The cleaner now has 5 clients in our neighbourhood - she told me all their secrets as she did the ironing and I made her endless cups of tea. One old man never leaves his house - he just watched TV... and not the good kind of TV apparently (whatever that means). Another couple leave for work in the morning drop the kids off at breakfast club, then don't come home till after 6 picking the children up from after school club on their way home. "They work all day to keep the big house and the fancy things, but they never see their children... this would not happen in Turkey." Or so I was reliably informed. I didnt want to comment.

Our cleaner left at her new later post ironing time and said in a cheery tone, "You have bought nice house, gay people always have the good taste." and with a cheery wave she jumped into her Nissan Micra.

The children came home and, yet again, homework was done without a grumble - although I have now laid down the ground rules that the TV/Wii does not go on until homework is done and that seems to really do the trick. TJ was so keen to get his homework done so he could play the wii that he even refused to have a biscuit - unheard of!

KC has now gone to dance class - he has street dance on a Wednesday andhe loves it. I shall watch all his new dance moves when he comes home... and try them out myself at the next drunken wedding I go to. As a legal father I can now officially 'Dad Dance!'

Tuesday, 9 October 2012

Therapy and Homework

The beauty of having no Internet and working on a 3G network is that I can write my blog anywhere, well anywhere with a decent reception, which, oddly enough, includes the local park where my kids are currently tearing around playing football.

TJ came home from school today without his jumper. I looked at him, "where is your jumper?" I asked. "my teacher took it off me." came the reply. "why did the teacher confiscate your jumper?" I looked at him sternly... There was a silence and then he simply said, "because I was wearing it in my head and pretending to be a girl." I have never been so proud....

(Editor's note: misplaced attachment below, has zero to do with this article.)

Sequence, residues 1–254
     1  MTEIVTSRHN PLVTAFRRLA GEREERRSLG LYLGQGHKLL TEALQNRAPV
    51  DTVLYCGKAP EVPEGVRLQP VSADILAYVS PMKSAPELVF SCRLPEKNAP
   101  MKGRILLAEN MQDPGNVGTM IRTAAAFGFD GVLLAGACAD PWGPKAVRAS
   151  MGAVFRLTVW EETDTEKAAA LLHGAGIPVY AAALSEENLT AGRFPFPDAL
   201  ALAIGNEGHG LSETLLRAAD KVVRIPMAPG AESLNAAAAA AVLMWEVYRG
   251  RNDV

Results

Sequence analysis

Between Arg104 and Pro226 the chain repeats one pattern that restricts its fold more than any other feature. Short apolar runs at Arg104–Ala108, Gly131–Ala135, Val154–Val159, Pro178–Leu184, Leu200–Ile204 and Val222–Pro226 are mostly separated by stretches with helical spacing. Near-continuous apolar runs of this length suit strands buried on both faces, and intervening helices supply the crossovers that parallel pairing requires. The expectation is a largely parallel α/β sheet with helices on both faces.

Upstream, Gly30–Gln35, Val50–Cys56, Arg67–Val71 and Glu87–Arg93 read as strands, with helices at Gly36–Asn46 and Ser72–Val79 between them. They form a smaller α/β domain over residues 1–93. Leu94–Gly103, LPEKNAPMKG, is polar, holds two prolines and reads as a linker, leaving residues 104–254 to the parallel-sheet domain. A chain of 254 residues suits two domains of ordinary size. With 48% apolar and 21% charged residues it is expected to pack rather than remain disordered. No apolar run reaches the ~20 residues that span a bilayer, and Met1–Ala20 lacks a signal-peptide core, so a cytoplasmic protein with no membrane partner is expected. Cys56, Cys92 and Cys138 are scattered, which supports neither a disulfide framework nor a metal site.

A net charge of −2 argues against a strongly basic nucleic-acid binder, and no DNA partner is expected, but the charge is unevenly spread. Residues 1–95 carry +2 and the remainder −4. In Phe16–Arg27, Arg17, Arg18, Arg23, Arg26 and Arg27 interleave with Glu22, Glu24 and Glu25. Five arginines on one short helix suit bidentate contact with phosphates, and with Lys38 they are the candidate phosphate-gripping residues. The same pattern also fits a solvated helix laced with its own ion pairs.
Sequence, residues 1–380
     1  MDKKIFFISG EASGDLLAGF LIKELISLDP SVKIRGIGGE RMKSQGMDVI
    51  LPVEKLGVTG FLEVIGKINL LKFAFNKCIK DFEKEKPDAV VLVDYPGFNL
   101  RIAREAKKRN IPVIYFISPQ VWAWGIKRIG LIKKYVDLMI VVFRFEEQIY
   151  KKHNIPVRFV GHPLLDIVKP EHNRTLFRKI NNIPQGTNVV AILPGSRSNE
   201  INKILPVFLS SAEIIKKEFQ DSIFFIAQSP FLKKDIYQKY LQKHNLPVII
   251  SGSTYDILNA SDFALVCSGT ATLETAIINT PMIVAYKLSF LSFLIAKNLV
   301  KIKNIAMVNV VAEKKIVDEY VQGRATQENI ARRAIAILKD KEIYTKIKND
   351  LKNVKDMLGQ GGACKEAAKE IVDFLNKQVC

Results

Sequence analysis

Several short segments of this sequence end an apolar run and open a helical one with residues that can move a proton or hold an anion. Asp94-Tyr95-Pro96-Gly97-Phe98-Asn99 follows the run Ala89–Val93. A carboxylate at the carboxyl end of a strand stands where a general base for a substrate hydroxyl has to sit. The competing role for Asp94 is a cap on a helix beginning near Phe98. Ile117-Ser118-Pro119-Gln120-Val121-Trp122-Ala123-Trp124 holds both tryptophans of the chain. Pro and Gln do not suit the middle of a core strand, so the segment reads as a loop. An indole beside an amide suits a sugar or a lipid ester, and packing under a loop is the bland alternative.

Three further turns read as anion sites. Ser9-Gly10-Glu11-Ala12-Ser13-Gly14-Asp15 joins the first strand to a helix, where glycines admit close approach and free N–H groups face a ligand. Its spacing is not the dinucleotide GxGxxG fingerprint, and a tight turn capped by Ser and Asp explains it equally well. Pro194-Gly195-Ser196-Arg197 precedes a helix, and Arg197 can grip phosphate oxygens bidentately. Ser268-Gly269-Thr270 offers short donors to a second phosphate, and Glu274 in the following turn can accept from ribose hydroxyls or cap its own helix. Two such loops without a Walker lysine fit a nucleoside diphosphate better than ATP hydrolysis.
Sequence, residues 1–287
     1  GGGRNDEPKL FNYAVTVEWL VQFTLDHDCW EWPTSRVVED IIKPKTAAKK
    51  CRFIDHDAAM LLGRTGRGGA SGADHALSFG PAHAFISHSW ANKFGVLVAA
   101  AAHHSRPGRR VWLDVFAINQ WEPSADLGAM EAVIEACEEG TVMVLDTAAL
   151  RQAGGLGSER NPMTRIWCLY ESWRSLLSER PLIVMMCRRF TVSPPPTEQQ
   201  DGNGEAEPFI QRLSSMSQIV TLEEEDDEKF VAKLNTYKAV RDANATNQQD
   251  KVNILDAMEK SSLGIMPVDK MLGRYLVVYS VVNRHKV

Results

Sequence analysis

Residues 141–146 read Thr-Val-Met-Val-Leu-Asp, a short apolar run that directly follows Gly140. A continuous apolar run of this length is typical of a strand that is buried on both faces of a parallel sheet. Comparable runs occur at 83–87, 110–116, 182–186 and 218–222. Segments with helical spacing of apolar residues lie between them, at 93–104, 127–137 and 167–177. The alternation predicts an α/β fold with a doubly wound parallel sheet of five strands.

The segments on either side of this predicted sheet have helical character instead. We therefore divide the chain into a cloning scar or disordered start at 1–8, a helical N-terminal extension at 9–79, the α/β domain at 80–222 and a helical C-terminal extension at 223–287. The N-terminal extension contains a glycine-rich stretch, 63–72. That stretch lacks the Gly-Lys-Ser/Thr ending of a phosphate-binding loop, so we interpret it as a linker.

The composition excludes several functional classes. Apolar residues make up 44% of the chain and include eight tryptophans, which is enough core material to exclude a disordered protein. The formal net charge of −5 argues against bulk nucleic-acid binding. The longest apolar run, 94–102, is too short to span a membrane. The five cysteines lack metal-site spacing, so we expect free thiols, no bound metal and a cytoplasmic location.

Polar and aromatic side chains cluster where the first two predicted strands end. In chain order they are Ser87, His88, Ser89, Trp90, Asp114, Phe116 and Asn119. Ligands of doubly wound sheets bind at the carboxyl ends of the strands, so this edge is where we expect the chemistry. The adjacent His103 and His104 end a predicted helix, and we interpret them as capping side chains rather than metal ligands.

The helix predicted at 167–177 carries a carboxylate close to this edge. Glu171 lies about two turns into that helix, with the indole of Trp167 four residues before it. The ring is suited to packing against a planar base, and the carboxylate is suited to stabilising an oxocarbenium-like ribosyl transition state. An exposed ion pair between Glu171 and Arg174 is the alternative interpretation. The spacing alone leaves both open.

KC had his therapy session today. I don't go in with him and one day I am sure he will let me know what happened to him in his birth family, we know what social services have told us but I am sure the reality is much harsher and is something that we, as parents, need to brace ourselves for. As the children slowly become attached to us and we to them there will come a time when hearing about their abuse will be no different to any parent who hears how their birth children have suffered. It is at this point that many adoptive parents can suffer from secondary trauma, that is they take on the traumatic experiences their children eventually share with them. I guess there are two ways of looking at this, firstly that it is humbling that they would feel safe enough to share these often horrendous experiences but secondly that we should prepare ourselves for our own reaction to them.

On a lighter note tonight is homework night and for once, all homework was done without screaming or pouting or any of the usual responses. TJ is learning a poem for pirate day on Friday. I pulled out a copy of  'One Eyed Jack'. He is learning it with gusto complete with hand actions. I proudly told his teacher how well he was doing. She looked at me and said 'I shall look forward to seeing that' then she paused before adding, 'and the other twenty versions I am bound to hear.' I never felt so deflated... But we don't care, our version of 'One Eyed Jack' will be Olivier Award Winning... Or the teacher will have me to answer to!!!!!

Monday, 8 October 2012

A Weekend of Parties...

... Well, for the kids anyway. Papa and I had to suffer damp carpets as the French doors on our brand new house decided to leak and soak the carpets. As I type I am currently sat waiting for the building chap to arrive and take a look.

Anyway, on Saturday we had back to back birthday parties. In the morning there was a magician followed by lunch at a local village hall. It was lovely but packed and because this was a family friend the kids didn't really know that many children but they fitted right in and were soon shouting advice to the poor entertainer. I was even surprised when the child that had to be reprimanded for trying to de-unicycle the magician was not one of mine.

We arrived a little late, as usual, and upon arrival I was hurried into the kitchen to help reheat the pizzas. The birthday boys mum thrust a tea towel in my hand and said ,"I can't get that oven to work, can you check those pizzas for me and make sure they don't burn" I looked around for the tv camera and Mary Berry as I had obviously walked onto the set of the Great British Bake Off and I didn't want to be criticised for having a soggy bottom.

Luckily the pizzas were ok and the party went off without a hitch. Afterwards we stayed back to help tidy up. The local WI harvest supper was happening that night and my friends were under threat of dis communication if the kitchen wasn't left as it was found. We were happily throwing everything into black plastic bin liners when suddenly a woman in a floaty dress with blue doc martin boots came rushing over... "Recycling bag," she cried, "who has the recycling bag?" We all looked at each other and them back at the lady who was madly going through the bins taking out paper plates and boxes. "These can all be re used," she cried, "some of these boxes will be great at Easter." "then you store them at your house," the lady next to me muttered and them she went outside to have a cigarette. I don't think recycling was high on her list of priorities. I helped sort put the paper items, wiping cheese and juice off the plates. I did notice the same lady madly grabbing balloons for her bright pinkly clad daughter though, so I hope she recycles all that rubber.